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Final Report Summary - GABASYNAPSES (Local interactions between GABAergic and glutamatergic plasticity)


Throughout lifetime a proper balance between excitation and inhibition is crucial for a healthy brain. There are well-known neurodevelopmental diseases, such as autism or schizophrenia, in which this balance is disturbed. It is currently not well understood how the balance between excitation and inhibition is regulated in the brain. One intriguing possibility is that glutamatergic and GABAergic synaptic plasticity are not regulated separately, but somehow interact to maintain the balance.

In our research we have examined interactions between inhibitory and excitatory synapses within dendrites.

To examine the influence of excitatory activity on inhibitory plasticity, we studied structural adaptations in inhibitory axons in hippocampal organotypic cultures. We used time-lapse two-photon microscopy to follow changes of presynaptic boutons along GFP-labelled inhibitory axons under baseline conditions and during enhanced or reduced activity. We used post-hoc immunostaining to assess the synaptic nature of the imaged boutons. Our data show that inhibitory synapses are highly dynamic structures, which are continuously being assembled and disassembled and possibly compete with each other along the inhibitory axon. The axons are continuously sampling potential locations for new inhibitory synapses, ‘testing’ new connections and axons adjust their sampling behaviour in response to changes in neuronal activity. These new insights in the structural dynamics of inhibitory axons paint a highly dynamic picture of inhibition and inhibitory plasticity in neuronal networks.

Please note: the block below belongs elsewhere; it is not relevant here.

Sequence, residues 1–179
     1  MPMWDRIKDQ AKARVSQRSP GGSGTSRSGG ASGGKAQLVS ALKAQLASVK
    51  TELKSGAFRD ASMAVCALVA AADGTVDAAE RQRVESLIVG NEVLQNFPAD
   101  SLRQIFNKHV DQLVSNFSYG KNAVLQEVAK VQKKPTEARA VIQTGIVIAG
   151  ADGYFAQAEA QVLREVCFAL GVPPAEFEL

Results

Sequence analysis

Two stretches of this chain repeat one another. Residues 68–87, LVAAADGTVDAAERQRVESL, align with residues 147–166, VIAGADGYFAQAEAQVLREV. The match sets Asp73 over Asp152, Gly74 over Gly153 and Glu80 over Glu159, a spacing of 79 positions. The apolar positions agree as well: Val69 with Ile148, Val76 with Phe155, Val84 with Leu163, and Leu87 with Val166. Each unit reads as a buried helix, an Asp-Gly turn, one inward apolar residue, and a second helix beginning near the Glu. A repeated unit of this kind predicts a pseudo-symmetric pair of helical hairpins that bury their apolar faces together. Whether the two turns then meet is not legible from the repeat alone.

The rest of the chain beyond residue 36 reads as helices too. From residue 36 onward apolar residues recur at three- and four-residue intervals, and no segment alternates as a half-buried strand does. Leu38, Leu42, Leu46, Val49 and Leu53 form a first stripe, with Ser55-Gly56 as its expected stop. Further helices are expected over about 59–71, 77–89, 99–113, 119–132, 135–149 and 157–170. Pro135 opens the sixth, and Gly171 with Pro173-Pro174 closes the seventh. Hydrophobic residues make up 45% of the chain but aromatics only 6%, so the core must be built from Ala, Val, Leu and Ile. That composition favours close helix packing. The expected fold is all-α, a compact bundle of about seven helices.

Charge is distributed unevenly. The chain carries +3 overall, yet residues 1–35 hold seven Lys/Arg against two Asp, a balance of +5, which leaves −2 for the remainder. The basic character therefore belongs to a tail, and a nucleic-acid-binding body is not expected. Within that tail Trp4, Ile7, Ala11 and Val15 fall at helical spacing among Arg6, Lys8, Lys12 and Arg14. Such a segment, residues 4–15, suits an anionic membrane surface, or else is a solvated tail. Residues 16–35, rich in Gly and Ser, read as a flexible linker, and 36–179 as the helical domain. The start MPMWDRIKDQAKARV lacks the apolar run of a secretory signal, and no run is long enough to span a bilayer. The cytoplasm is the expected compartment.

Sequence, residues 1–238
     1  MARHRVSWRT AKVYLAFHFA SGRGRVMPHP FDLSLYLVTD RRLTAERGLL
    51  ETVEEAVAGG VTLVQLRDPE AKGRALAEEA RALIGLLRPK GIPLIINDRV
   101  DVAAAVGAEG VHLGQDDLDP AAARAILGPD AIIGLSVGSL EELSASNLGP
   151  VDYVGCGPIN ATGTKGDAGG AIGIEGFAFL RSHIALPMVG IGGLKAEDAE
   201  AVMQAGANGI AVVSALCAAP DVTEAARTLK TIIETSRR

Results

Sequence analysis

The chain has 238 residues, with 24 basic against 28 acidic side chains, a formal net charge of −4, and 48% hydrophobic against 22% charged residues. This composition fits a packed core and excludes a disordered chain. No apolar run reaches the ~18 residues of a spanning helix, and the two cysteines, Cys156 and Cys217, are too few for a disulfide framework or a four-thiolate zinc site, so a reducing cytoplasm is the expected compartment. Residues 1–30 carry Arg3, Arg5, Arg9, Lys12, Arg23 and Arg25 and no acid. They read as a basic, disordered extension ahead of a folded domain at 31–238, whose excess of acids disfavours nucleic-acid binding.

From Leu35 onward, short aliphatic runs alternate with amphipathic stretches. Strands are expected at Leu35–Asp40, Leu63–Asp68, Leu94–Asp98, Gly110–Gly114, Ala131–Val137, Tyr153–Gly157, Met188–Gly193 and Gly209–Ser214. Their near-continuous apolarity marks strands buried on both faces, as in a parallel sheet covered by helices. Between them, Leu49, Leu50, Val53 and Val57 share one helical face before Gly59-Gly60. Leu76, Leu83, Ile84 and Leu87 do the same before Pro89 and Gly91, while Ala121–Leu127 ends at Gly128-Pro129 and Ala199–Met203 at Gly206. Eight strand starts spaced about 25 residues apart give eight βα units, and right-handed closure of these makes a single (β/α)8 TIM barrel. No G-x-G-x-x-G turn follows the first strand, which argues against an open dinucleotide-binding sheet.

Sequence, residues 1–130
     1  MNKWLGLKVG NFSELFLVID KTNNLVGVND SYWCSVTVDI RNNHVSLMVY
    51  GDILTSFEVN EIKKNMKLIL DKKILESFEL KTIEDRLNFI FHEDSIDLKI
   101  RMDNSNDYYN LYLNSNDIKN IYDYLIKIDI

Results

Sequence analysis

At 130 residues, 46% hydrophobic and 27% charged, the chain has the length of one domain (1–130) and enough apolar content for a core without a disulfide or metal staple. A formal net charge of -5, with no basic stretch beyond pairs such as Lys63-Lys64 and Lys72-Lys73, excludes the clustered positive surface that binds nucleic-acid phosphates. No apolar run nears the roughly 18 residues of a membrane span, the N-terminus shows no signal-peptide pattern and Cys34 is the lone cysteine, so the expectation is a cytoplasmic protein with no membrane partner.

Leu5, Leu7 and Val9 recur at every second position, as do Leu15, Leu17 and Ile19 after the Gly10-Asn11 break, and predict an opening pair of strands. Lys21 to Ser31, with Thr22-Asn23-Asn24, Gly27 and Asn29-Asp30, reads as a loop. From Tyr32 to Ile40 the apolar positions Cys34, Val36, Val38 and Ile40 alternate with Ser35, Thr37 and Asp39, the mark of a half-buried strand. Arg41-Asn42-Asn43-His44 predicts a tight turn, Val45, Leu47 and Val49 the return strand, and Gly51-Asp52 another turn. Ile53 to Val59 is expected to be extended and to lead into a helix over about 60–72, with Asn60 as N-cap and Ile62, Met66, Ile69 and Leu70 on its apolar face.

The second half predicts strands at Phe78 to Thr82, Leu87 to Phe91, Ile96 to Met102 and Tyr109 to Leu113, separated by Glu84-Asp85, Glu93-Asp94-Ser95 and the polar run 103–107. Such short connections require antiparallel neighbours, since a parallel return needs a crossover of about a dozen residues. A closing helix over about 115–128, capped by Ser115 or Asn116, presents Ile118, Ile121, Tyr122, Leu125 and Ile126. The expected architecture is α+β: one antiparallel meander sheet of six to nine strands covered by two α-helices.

In addition we have established an experimental configuration to examine the effect of individual, identified inhibitory synapses on nearby excitatory synapses within dendrites. We made paired recordings from a CA1 pyramidal cell and a connected interneuron and identified dendritic inhibitory contacts with two-photon microscopy. In this configuration we have experimental control of identified inhibitory synapses within the dendrites of pyramidal cells. Dendritic calcium signals are important determinants of plasticity at excitatory synapses. We determined the influence of individual inhibitory synapses on dendritic calcium signals during postsynaptic action potentials. We found that inhibition strongly depended on the distance and time interval between inhibition and excitation, which suggests that dendritic inhibitory synapses can affect local excitatory plasticity with high spatial and temporal specificity.

Our research results have been presented on international scientific meetings and have led to several publications in peer-reviewed journals. During the course of the ERG grant, the principal investigator, Corette Wierenga, has moved from the Max Planck Institute of Neurobiology in Martinsried (D) to the Utrecht University (NL). She received a VIDI starting grant from the Dutch Organisation for Scientific Research (NWO) and has now a permanent position as Assistant Professor. She will continue her research on interactions between excitatory and inhibitory synapses and their role in neurodevelopmental disorders.


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UNIVERSITEIT UTRECHT
Netherlands
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